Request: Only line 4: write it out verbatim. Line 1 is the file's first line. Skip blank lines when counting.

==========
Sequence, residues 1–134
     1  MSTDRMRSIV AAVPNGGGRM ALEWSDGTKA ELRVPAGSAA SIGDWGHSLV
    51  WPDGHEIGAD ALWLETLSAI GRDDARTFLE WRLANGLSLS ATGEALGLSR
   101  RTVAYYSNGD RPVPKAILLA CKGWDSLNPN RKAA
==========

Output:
   101  RTVAYYSNGD RPVPKAILLA CKGWDSLNPN RKAA